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Uniting Nations Through Multiethnicity


Uniting Nations Through Multiethnicity

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When Karen C. Rydwansky planted Crossroads Worship Center in the Boston suburb of Weymouth, Massachusetts, in 2003, she intentionally determined to make it an international church.

Seventeen years later, Crossroads is now home to nearly 300 congregants representing more than 40 nationalities.

Although Rydwansky had no senior pastor experience prior to starting Crossroads, she had been actively involved in ministry, serving in a variety of positions, including Women’s Ministries director and executive presbyter for the Southern New England Ministry Network.

Throughout her ministry, she had been drawn to various ethnicities, who move to New England for various educational and business opportunities.

“Our church really is a reflection of a heart for the nations,” says Rydwansky, an ordained Assemblies of God minister. “We didn’t have a strategy to reach out to a certain community.”

Pastoring such a linguistically and ethnically diverse congregation comes with its share of challenges. To help bring unity, Rydwansky has recruited a healthy ethnic mix to the leadership team. The pastoral staff, church board, worship team, and other leadership positions reflect a balance of nationality, ethnicity, and gender.

“We have been very strategic in how our platform looks,” says Rydwansky, 76. “It’s important that whoever comes into the church sees that.”

To maintain continuity within a multiethnic congregation, Crossroads holds corporate services in English and offers translation headsets for those who need them. This helps immigrants to the Boston area assimilate their families into American culture much easier. The church includes attendees from India, South Korea, Haiti, Jamaica, Angola, Nigeria, Bolivia, and Trinidad and Tobago, among other places.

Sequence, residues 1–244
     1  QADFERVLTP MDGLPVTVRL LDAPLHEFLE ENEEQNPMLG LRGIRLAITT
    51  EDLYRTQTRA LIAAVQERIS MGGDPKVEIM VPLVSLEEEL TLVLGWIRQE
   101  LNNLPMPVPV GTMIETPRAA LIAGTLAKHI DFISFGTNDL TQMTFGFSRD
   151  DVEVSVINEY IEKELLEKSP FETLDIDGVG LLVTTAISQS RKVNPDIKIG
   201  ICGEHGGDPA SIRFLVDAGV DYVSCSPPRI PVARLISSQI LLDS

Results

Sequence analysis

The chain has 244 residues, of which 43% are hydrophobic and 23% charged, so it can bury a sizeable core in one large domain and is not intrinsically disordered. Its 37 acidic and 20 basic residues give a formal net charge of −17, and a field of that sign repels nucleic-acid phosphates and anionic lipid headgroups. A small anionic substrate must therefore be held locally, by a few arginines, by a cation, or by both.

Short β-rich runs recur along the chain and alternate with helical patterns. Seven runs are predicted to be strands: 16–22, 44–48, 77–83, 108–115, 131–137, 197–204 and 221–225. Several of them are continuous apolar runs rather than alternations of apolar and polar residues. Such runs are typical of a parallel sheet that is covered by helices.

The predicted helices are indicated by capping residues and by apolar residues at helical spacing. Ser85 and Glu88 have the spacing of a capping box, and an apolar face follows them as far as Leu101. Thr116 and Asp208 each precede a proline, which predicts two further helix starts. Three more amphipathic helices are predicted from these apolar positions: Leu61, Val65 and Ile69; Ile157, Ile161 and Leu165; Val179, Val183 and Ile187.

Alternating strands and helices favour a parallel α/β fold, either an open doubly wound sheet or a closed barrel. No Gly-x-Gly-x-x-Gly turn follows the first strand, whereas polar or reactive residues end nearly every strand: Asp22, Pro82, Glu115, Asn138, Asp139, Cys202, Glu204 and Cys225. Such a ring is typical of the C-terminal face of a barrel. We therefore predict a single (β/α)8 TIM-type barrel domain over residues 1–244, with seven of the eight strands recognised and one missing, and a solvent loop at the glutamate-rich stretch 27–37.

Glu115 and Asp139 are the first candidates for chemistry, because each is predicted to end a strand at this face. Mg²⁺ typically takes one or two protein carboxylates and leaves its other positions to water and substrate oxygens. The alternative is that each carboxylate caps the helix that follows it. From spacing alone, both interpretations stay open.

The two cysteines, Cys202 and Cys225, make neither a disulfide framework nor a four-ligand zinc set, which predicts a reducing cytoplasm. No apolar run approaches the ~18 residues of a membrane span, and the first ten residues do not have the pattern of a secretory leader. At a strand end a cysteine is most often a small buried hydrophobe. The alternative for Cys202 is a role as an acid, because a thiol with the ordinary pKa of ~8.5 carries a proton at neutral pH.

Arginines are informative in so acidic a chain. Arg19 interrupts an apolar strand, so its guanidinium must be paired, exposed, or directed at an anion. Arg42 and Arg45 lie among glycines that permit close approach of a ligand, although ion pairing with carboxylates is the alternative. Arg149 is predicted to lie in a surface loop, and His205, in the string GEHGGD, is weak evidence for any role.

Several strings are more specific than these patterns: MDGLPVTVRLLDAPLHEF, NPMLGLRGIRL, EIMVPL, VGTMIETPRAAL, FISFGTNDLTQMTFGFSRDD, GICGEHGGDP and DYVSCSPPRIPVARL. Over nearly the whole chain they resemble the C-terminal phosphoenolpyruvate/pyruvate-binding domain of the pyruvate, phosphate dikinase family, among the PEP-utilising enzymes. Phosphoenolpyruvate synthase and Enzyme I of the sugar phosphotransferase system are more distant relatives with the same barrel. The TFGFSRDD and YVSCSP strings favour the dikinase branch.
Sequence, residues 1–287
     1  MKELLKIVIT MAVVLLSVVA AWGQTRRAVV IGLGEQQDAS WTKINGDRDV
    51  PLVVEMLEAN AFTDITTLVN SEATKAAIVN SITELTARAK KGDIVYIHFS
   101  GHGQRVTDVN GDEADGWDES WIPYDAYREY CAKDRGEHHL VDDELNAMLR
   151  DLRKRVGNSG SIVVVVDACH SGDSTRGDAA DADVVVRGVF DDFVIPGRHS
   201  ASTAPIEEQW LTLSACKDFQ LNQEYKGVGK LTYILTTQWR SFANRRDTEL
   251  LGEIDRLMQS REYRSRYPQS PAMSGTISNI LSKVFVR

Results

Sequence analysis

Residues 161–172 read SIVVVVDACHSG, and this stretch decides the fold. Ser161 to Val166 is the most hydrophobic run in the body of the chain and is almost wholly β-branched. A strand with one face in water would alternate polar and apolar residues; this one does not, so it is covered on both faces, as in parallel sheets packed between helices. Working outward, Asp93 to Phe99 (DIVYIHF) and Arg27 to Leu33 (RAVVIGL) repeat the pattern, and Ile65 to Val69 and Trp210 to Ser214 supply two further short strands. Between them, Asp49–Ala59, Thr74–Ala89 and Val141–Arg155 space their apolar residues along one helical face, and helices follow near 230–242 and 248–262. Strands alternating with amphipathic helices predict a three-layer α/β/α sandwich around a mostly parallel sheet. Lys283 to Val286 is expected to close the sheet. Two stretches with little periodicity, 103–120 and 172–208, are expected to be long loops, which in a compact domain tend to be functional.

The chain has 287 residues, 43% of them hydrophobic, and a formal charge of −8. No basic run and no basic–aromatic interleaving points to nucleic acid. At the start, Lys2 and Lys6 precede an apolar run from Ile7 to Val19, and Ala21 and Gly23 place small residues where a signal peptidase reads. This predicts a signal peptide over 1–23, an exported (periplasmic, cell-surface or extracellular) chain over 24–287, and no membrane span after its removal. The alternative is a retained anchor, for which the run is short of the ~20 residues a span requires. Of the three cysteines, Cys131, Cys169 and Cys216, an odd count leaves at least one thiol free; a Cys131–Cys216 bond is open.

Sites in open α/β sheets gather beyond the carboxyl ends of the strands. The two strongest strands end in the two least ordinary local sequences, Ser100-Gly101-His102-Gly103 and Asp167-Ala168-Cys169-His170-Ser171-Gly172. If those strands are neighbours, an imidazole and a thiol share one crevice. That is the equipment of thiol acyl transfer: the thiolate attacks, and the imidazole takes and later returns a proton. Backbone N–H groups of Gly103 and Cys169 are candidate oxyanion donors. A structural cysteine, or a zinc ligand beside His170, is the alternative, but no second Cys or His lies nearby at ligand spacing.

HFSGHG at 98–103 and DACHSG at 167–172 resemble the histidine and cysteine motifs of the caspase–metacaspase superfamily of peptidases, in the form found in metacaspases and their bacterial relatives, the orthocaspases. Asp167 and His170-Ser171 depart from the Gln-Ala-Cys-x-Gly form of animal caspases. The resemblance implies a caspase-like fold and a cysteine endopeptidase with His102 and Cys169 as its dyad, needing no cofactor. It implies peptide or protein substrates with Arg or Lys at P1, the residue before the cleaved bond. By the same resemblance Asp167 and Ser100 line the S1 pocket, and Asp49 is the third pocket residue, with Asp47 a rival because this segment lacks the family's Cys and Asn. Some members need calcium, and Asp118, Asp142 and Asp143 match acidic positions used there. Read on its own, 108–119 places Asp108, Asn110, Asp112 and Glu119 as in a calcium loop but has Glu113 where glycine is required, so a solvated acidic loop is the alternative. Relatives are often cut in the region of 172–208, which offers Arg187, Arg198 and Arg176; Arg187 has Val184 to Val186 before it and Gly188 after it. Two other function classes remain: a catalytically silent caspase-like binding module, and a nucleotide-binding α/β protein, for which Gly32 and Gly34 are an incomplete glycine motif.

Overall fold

“We feel strongly that the initial group that comes in will often stay in their subculture,” says Rydwansky. “However, if they don’t connect their children in an English-speaking church, they will probably lose their kids by the second or third generation.”

Pursuing harmony within a multiethnic congregation also offers a unique opportunity for creative problem-solving solutions.

“We try to learn from one another and ask what is important,” says Brazilian native Vinnie M. Trivelli, associate pastor at Crossroads and director of the Portuguese language translation services. “One key is communication.”

A critical component to effective cross-cultural leadership at Crossroads is the creation of a leadership team that meets periodically to discuss cultural cues and traditions among the various ethnic groups represented in the church. As both Rydwansky and Trivelli, 50, have learned, sometimes simple differences can lead to hurtful outcomes, especially when it comes to pastoral care roles and responsibilities.

“We can offend with something so natural and normal in our culture without even realizing it,” says Rydwansky. For instance, most Brazilians make a big deal out of celebrating birthdays. But some Africans don’t even know the date they were born.

“When we all come together as one, it doesn’t matter where you come from,” says Trivelli, an ordained AG minister. “What matters is we are all one in Christ.”

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